Like many great ideas, Banchory-Devenick School’s Fairtrade tuckshop started small.
But within weeks, the pupil-run social enterprise grew arms and legs, until the school received national recognition.
Being well aware of the cost of living crisis, the pupils had initially wanted it to be awareness-raising, rather than profit-making.
They secured a grant from Scotmid Co-op to get started, and have been going from strength to strength ever since.
Following a workshop with the Social Enterprise Academy, the pupils set up their own social enterprise called Fabulous Fairtrade Feasts.
Business plan, adverts, emails – Banchory-Devenick pupils do the lot
Like any other business, they came up not only with a company name, but also a logo, slogan, business plan, email address, and posters. They even made a professional film using green screen and advert using i-Movie.
Once a month they go shopping for ingredients before doing the baking. They then open up the shop every second week.
After a successful start, the pupils realised they did want to raise some money after all. To this end, they decided to organise a fundraiser for the Fairtrade Foundation each term.
They made and sold keyrings and friendship bands, and organised a photo shoot in the sunflower field opposite the school. They printed and framed the photos to sell.
Sponsored toilet block at Nigerian school
By now the Banchory-Devenick kids had heard of the Toilet Twinning scheme, which enables people living in poverty access to lifesaving toilets.
Photo sales from the sunflower photo shoot raised enough money to sponsor not just a toilet, but an entire toilet block at a school in Nigeria.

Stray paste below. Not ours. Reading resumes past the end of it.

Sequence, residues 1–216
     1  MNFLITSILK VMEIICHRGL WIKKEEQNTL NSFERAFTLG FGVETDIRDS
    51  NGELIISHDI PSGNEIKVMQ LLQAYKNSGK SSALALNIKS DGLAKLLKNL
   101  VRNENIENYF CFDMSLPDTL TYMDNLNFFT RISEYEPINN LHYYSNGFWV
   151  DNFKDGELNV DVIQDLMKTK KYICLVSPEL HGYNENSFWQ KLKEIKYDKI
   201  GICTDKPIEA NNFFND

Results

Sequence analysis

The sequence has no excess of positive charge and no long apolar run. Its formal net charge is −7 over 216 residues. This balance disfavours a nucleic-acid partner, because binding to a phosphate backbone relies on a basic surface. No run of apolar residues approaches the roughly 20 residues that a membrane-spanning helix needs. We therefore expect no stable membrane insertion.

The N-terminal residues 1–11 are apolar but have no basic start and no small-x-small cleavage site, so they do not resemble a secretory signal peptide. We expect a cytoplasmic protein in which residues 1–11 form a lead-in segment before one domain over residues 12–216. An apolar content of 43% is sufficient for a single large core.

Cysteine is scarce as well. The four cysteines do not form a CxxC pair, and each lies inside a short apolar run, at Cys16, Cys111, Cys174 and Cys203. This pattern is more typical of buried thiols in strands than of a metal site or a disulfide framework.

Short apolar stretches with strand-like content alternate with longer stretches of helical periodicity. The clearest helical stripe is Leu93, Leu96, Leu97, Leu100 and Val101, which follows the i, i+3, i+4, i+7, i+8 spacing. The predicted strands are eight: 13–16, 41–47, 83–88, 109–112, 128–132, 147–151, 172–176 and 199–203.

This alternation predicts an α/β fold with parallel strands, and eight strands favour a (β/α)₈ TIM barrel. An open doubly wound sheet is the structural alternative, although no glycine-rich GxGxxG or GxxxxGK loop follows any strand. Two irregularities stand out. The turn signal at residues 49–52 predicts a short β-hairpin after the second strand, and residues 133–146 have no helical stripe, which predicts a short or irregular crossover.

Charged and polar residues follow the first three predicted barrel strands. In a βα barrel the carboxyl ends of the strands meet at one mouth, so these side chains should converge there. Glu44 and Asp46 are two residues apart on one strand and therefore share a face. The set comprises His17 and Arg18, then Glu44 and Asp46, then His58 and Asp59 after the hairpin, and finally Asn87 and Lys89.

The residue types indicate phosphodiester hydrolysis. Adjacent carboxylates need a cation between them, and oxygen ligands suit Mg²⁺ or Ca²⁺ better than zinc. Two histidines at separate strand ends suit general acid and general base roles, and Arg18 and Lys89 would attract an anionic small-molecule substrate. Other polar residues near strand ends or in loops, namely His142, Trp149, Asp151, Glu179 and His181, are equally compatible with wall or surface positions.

“Not bad for a wee school with only 41 kids,” said head teacher Karen Downie.
“The work we have done has been recognised by the Social Enterprise Academy and we picked up an award in their annual ceremony in Edinburgh in June.
“We were also delighted to pick up the award for innovation at the Scottish Fairtrade Awards 2022 ceremony in November. That was a real coup for us.”
‘They are learning so many life skills’
She added: “I am extremely proud of the work the children are doing. They are learning so many life skills.
“Best of all though, they are learning to have empathy for others and that, even though they are still young, they have a voice and they can make a difference.”
Primary Six pupil Leda said: “I very much like the idea that we’re helping a lot of people by supporting Fairtrade. We also learn a lot of skills through all the activities we do, including teamwork, communication, maths, art, and technology.”
And Primary Seven pupil Natalie added: “I think the work we are doing is very important because we’re helping farmers get fairer wages and communities to get the things they need to survive.
“We have proved that no-one is too little to make a difference.”
An ‘incredible journey’
Lynn Ogg from Scotmid Co-op said: “From an initial community grant, they have created a self-sustaining co-operative that supports Fairtrade – wow!
“They have demonstrated endless creativity, commitment and enthusiasm. We know there is more to come, and we’re thrilled to play a small part in their incredible journey.”
Finally, parent council chairman Alan Stevenson said: “Banchory-Devenick Primary have woven the understanding of being a global citizen into everyday life at the school.
“Fairtrade is a fantastic way in which our children witness the little things they do having a positive impact on other people around the world, and it gives them that sense of worth on an international scale.”